No matter how smart, successful, and disciplined you are in every other area of life, this does not automatically guarantee that you will be good at losing and maintaining weight, because doing so takes learning and practice of specific skills. So cut yourself a break and instead start working on what you need to do today!
When you eat because you’re feeling sad or stressed, remind yourself that what you’ll ultimately do is turn one problem into two – the original one that made you sad or stressed, and now additionally the problem of feeling badly about your eating, getting off track, and potentially jeopardizing your weight loss.
Sabotaging Thought: I just ate something I wasn’t supposed to. I’ve really blown it! I might as well keep eating whatever I want and get back on track tomorrow.
Response: If I was washing my nice china and accidentally broke a plate, I wouldn’t go to my china cabinet and smash all the rest of it. Dieting is the same – it makes NO SENSE to compound one mistake with more!
Just because food is free, doesn’t mean you should eat it (after all, it’s not calorie-free). Similarly, just because you've paid for it doesn’t necessarily mean you need to eat the whole thing.
If you think, “I’m so structured during the week, I just want to relax on the weekends,” remind yourself, “Not eating in a planned, structured way will mean I will continually take in too many calories so I have a choice: I can continue to not eat in a structured, planned way on the weekend or I can lose weight. I can’t have it both ways. Which would I rather?”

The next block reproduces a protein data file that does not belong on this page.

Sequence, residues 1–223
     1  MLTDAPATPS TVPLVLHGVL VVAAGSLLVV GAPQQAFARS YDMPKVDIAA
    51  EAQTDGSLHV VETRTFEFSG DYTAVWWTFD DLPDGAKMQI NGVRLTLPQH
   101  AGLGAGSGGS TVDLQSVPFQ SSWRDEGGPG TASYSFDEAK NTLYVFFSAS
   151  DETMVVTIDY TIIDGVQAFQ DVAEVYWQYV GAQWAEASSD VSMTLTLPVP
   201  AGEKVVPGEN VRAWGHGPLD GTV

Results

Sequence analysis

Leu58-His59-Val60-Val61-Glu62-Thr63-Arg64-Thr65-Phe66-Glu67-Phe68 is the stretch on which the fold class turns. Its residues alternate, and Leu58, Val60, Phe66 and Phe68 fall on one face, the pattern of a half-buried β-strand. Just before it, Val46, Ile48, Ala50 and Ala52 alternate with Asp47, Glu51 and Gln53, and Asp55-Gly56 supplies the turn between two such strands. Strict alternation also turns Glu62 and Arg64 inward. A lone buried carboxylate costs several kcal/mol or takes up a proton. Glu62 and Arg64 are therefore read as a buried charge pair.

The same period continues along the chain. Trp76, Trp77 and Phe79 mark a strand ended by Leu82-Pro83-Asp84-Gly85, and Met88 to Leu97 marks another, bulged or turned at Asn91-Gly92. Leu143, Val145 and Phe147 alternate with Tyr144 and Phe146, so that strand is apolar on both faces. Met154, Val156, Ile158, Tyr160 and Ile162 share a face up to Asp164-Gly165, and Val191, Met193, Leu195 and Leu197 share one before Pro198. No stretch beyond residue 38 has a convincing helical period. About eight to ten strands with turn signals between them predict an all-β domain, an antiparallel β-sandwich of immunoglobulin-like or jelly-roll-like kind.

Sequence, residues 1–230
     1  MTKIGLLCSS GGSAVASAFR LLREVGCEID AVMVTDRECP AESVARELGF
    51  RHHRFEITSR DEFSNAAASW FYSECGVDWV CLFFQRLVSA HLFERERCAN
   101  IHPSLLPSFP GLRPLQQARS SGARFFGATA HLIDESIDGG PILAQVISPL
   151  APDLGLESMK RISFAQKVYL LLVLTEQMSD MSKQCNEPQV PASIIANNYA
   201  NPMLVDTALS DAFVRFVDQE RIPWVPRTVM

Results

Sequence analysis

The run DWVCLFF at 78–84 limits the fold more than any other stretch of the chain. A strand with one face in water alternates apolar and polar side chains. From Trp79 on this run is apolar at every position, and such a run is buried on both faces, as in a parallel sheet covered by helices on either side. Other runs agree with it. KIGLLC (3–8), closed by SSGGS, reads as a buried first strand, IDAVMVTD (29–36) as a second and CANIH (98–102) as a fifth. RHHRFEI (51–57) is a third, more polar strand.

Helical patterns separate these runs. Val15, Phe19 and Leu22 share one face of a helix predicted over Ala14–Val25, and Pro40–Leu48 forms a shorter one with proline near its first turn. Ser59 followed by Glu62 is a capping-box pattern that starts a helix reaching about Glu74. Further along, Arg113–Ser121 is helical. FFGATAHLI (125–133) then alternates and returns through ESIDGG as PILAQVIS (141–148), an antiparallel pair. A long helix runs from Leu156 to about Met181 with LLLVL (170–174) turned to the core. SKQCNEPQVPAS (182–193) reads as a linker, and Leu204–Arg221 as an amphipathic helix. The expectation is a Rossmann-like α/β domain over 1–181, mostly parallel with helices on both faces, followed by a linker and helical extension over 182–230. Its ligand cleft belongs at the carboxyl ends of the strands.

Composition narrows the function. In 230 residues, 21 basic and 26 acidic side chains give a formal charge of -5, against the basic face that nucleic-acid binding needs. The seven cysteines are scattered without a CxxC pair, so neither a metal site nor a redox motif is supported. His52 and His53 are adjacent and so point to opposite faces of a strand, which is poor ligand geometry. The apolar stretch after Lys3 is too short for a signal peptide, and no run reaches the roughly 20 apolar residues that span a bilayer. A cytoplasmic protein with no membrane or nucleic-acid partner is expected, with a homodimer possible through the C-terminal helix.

If you’re going on vacation this summer, remind yourself, “If I want to lose weight and keep it off, vacations are a break from work, not a break from healthy eating.”
Sabotaging Thought: I’ll make it for [overeating now] later by eating less during the week.
Response: “Making up for it later” just doesn’t work because there’s no guarantee that I’ll actually be able to get myself to eat less later on. It also doesn’t work because if I overeat, I reinforce my giving-in muscle and make it more likely I’ll overeat the next time, and the time after that. It’s important to continually reinforce the habit of eating consistently. It’s not about the calories, it’s about the habit.
If you think, “Everyone else is eating a lot, why can’t I?” remind yourself that your body doesn’t know or care what anybody around you is eating, it only knows what you eat. So just because everyone else is eating (and drinking) a lot, doesn’t mean that you can. Your body simply doesn’t care what they’re doing.
There is a big difference between things that are really hard and things that are impossible. If you feel daunted by the prospect of losing and maintaining weight, remind yourself that it is a matter of learning and practicing (over and over again) necessary skills, not an impossible feat.
Telling yourself it’s impossible is an excuse to give up. Telling yourself it’s hard but worth working on is a motivation to keep moving forward.
If you think, “I shouldn’t have control my eating on the weekend,” remind yourself, “Yes, I should, if I want to lose weight! Weekend eating is just as important as weekday eating, and if I keep overeating on the weekends, I’ll keep undoing all my hard work from the week.”
The Beck Diet Program was developed by Dr. Judith S. Beck with Deborah Beck Busis, LCSW.
Beck Institute for Cognitive Behavior Therapy is a leading international source for training, therapy, and resources in CBT.
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